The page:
HomeSportSoccerMore trouble for Bosso

More trouble for Bosso

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Financially troubled Bulawayo giants Highlanders, who are failing to pay their players’ wages have been dealt another heavy blow after the Bulawayo Labour Court ordered the club to pay former coach Egyptian Mohamed Fathi his salaries from July to September.

It is not clear yet how much Bosso will have to fork out after the conclusion of the case as they were also ordered to pay Fathi gratuities at an agreed rate and pay the costs of the lawsuit.

Bosso are in financial trouble as their players were on industrial action the whole week pressing for their salaries, allowances and winning bonuses which some claim date back to August.

The order by the Labour Court president, Justice Mercy Moya-Matshanga, puts Highlanders into deeper financial troubles as the players have also threatened not to fulfill Sunday’s league match against Kiglon at Barbourfields Stadium if they are not paid their dues in full.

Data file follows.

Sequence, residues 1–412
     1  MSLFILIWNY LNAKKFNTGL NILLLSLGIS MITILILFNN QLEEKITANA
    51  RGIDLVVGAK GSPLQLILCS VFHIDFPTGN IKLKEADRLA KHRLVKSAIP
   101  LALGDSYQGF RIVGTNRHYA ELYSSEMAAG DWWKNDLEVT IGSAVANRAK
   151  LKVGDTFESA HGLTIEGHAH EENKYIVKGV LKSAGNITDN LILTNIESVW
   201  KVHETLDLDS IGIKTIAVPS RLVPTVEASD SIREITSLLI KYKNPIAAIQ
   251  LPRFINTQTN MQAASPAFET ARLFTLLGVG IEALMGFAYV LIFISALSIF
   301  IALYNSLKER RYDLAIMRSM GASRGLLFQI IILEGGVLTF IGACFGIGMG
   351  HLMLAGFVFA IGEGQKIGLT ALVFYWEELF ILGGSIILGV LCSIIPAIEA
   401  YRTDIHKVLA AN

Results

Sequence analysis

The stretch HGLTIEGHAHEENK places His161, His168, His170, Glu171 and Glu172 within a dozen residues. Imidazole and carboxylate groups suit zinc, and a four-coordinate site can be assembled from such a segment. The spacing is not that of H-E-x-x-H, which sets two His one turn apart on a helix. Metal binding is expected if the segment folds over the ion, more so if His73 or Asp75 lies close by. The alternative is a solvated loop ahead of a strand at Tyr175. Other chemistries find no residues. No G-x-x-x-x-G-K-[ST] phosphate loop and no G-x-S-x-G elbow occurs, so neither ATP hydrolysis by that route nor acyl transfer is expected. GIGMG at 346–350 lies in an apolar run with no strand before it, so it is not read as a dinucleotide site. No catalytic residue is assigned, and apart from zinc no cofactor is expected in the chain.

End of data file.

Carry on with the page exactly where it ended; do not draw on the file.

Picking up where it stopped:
The ruling on Wednesday reads: “Respondent (Highlanders) is in the circumstances ordered to abide by the terms of the contract and pay the Applicant (Fathi) all the monies due to him and his manager (Omega Sibanda).

“Both parties are fully aware of the figures involved and as a result there is no need for quantification. It is thus ordered that the Respondent pays the Applicant a sum of $4 000 000 a month for the months July, August and September 2009. That gratuity be paid at the agreed rate up to the date of resignation. That the Respondents pay the costs of this application.”

Fathi gave Highlanders a one month’s notice of resignation in August over unpaid salaries, allowances and gratuities.

His letter of resignation was accepted by Highlanders.
Meanwhile, Highlanders players yesterday vowed that they will not play tomorrow’s league match if they are not paid their dues in full.

One senior player said their patience with the executive had been stretched too far .

“We have resolved as players that we are not playing Sunday’s match until we are paid all our money. The pressure is coming from where we live. They treat us like children as if they do not know that we have wives and children to look after. That is where the pressure is coming from. As for me, my wife has been on my neck asking me what I am working for and to me that makes a lot of sense,” the player said.

Efforts to get a comment from Highlanders were fruitless yesterday as secretary Andrew Tapela’s was not reachable on his mobile phone and chairman Themba Ndlela’s phone went unanswered.

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